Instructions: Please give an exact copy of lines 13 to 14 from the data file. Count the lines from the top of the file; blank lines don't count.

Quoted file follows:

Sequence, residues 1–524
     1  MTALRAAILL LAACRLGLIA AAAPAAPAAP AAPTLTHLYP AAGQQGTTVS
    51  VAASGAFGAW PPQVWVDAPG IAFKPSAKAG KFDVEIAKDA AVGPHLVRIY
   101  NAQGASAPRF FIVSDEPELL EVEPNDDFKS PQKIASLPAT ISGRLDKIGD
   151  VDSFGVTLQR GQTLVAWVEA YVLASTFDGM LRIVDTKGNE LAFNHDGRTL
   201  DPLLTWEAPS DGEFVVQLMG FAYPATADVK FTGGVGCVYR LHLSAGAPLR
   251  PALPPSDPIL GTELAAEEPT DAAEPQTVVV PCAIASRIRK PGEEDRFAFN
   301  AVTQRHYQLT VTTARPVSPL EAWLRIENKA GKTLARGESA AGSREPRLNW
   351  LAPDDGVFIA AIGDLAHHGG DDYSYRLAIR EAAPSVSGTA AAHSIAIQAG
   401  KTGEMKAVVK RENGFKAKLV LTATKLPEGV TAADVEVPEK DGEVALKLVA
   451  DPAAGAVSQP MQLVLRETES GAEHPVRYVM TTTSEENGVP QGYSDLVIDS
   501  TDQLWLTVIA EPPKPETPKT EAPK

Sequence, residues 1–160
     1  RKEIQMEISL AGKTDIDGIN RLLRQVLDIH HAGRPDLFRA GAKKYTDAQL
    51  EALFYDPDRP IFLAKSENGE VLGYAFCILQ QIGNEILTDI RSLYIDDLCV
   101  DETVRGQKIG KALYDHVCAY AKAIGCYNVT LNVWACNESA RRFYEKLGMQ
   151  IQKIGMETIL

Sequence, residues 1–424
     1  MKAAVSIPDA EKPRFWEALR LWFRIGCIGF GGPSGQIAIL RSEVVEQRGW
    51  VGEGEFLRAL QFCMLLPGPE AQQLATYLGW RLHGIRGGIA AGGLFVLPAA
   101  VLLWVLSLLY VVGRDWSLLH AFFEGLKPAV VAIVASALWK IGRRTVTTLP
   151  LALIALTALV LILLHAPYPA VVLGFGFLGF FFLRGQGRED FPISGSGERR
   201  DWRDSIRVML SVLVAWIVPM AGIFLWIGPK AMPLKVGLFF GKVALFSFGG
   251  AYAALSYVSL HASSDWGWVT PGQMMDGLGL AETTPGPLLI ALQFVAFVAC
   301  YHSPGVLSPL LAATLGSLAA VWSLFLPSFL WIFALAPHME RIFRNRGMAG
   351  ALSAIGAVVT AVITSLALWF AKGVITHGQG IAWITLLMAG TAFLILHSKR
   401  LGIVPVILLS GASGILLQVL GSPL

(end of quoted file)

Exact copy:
Sequence, residues 1–160
     1  RKEIQMEISL AGKTDIDGIN RLLRQVLDIH HAGRPDLFRA GAKKYTDAQL